NEWS
By Gadi Dechter and Gadi Dechter,sun Reporter | June 18, 2008
Comptroller Peter Franchot announced yesterday a broad crackdown on video poker machines at Maryland bars, saying the tax collector's office would use its authority to enforce alcohol laws to pressure liquor-license holders to get rid of the "for-amusement-only" devices that he says are mostly operated as illegal slot machines. Last week, Franchot, a Montgomery County Democrat and ardent gambling opponent, sent a letter to the state's 7,200 liquor licensees informing them that his interpretation of Maryland case law means that even putatively amusement-only consoles, such as video poker games, may be considered "slot machines" and therefore subject to criminal prosecution or revocation of liquor licenses.
NEWS
February 28, 2008
If you want to gamble in Maryland, you don't have to look far. There are thousands of electronic bingo and video poker machines in bars, restaurants, convenience stores and other locations across the state. The video poker machines take your money and, if you have a winning hand, the bartender or storeowner gives you credit or pays you off. The newer bingo machines look like real slot machines, pay off winners directly and have been declared legal by the state's highest court. But both devices should be outlawed because they are nearly impossible to regulate, cost the state millions in uncollected tax revenues and basically serve as de facto slot machines, which are illegal.
ENTERTAINMENT
By SAM SESSA | December 21, 2006
Add another name to Baltimore's long list of offbeat bars. The Jazzy Blues Club, a new corner nightspot in Upper Fells Point, is hard to pin down. The place is actually more pub than club -- there's not much room for lounging, but it does have a long bar, video poker machines and a large TV. The overhead sign hanging out front has the club's name and a picture of a saxophone churning out notes, which is kind of misleading, considering the bar has no...
NEWS
By JOAN JACOBSON and JOAN JACOBSON,SPECIAL TO THE SUN | February 26, 2006
Maryland's debate over whether to allow slot machines is purely academic. Truth is, slots are already here. Thousands of them are hiding in plain sight in bars and other businesses in Baltimore City and County. This gambling machine industry has been thriving for decades, producing many millions in largely untaxed dollars for their operators. The machines, also known as video poker machines, are slot machines without slots. The Baltimore City and Baltimore County governments even license them on the pretense that they are amusement devices.
NEWS
BY A SUN STAFF WRITER | September 13, 2003
Police raided yesterday a Northeast Baltimore bar under investigation of suspicions of illegal gambling and seized 24 guns, nearly $2,100 in cash and a small amount of marijuana and cocaine. The vice unit raided Sheldon's in the 4300 block of Belair Road about 2:30 p.m. and arrested the owner and a bartender. Police officers found drugs on the bartender, Robin White, 30, of the 4200 block of Nicholas Ave., said Sgt. Sean Kapfhammer. The cache of rifles, shotguns and handguns was found on the second floor, where the owner, Nancy Honeycutt, 31, lives.
NEWS
November 17, 2000
WHEN YOU DON'T enforce the law, guess what usually happens? Violations proliferate, especially if those violations can mean big financial gains. Look at Allegany County, where the state's attorney decided four years ago to ignore Maryland's gambling laws. Now he seems shocked that tip jars (in which "tips" -- similar to instant lottery rub-offs -- are pulled by players from a jar) and electronic gambling machines are the favorite pastime in local taverns. They also have popped up at gas stations, liquor stores and neighborhood groceries.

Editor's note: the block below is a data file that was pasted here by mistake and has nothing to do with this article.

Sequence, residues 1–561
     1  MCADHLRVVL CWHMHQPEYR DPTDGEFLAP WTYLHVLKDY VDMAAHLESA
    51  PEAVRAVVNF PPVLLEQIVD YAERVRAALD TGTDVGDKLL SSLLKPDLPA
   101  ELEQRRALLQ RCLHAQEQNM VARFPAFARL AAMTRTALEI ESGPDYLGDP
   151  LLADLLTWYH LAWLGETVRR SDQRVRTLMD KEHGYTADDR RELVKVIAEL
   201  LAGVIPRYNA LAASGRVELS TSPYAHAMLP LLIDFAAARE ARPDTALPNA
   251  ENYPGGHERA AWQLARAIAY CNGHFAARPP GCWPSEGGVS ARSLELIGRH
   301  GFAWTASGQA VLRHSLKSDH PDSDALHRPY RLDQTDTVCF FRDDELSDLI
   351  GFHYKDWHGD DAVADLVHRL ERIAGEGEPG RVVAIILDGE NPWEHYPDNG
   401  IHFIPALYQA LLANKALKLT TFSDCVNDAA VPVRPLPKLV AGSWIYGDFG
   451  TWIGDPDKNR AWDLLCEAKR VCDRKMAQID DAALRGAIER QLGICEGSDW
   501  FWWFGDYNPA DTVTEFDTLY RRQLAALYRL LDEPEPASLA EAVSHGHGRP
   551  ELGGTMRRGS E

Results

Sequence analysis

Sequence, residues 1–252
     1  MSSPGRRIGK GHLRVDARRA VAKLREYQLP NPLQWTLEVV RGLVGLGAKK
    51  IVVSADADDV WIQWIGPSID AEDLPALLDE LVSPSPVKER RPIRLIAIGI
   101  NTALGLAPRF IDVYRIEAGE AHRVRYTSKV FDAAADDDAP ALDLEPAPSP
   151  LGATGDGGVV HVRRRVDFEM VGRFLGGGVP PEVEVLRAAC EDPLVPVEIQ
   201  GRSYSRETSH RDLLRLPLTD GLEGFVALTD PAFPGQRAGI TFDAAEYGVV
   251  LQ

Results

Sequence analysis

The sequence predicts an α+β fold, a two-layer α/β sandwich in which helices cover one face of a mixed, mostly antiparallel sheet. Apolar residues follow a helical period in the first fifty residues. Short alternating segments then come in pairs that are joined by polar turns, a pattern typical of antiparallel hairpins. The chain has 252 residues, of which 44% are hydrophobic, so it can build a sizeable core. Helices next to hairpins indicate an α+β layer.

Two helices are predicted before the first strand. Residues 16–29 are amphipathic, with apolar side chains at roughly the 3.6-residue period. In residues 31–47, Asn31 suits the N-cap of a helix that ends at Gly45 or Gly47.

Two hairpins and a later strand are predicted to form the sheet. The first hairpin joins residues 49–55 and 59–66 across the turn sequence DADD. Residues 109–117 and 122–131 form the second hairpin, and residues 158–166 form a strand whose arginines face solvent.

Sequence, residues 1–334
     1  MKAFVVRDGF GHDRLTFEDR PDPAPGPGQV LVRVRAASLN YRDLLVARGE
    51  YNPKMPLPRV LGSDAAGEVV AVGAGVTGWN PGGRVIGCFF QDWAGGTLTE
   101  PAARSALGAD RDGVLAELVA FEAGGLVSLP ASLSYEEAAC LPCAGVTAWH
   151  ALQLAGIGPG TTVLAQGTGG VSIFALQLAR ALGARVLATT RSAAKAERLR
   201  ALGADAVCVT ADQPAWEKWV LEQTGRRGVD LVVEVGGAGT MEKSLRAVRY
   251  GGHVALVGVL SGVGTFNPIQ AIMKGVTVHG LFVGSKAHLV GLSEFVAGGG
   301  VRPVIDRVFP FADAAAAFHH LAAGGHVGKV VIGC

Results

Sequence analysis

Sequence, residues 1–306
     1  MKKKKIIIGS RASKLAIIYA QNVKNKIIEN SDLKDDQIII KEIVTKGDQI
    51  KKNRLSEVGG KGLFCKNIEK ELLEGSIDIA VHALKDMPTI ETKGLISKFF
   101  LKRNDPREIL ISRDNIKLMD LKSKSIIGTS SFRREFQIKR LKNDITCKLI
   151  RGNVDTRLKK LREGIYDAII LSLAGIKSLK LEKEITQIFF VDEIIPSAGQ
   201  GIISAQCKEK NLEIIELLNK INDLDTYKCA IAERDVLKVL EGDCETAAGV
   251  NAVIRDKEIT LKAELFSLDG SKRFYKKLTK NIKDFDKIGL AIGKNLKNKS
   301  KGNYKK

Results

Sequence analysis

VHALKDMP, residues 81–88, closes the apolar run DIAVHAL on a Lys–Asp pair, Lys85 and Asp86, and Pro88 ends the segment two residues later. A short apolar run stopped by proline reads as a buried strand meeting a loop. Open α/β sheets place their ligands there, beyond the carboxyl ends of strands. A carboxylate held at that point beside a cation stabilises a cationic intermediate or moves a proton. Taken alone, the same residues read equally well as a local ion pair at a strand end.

NEWS
By Greg Tasker and Greg Tasker,Staff Writer | November 22, 1992
A group of Carroll fraternal organizations is pushing the county commissioners to endorse legalization of video poker machines.The organizations -- including the Veterans of Foreign Wars, American Legion, Moose and the Elks -- will meet with the commissioners at 7:30 p.m. tomorrow at the Westminster Moose Lodge to discuss the issue and demonstrate a state-of-the-art video poker machine.The groups want the commissioners to urge Carroll's General Assembly delegation to introduce legislation next year that would grant them an exception to the state's gaming laws.
NEWS
By Alan J. Craver and Alan J. Craver,Staff writer | February 17, 1991
Gov. William Donald Schaefer plans to veto legislation that would permit video poker and slot machines in Harford County if the bills pass the General Assembly.Schaefer is opposed to the legislation, introduced in the state Senate on Feb. 4. He is concerned that poker and slot machines in the county would open the door to gambling and organized crime, said Paul E. Schurick, the governor's press secretary."He feels that their proliferation could potentially lead to problems down the road," Schurick said.
NEWS
October 21, 1999
If slots are so bad, what about lotteries and other gambling?I agree with The Sun's editorial regarding South Carolina's ubiquitous video poker machines ("Silencing South Carolina slots," Oct. 17). However, I fail to see the difference between the seduction of video poker machines and a state-sponsored daily lottery.How is a vending machine selling "Scratch-Offs" in a grocery store any safer for players than a poker machine in a laundromat?In fact, the video poker machines don't have slick TV commercials seducing folks with dreams of riches.
NEWS
October 17, 1999
THOSE who fear the evils of ubiquitous gambling at every corner store need look no further than South Carolina for a glaring example of the dangers.Thirty-four thousand video-poker slot machines, in hundreds of convenience stores, gas stations and even in laundromats, blanket the state. It's a $2.8 billion industry built on greed and corruption.Anti-gambling advocates breathed a giant sigh of relief last week when that state's Supreme Court invalidated a Nov. 2 referendum on slots, and in the process set the stage for their mandated elimination next July 1. South Carolina's governor and its House speaker said the court's ruling settled the matter.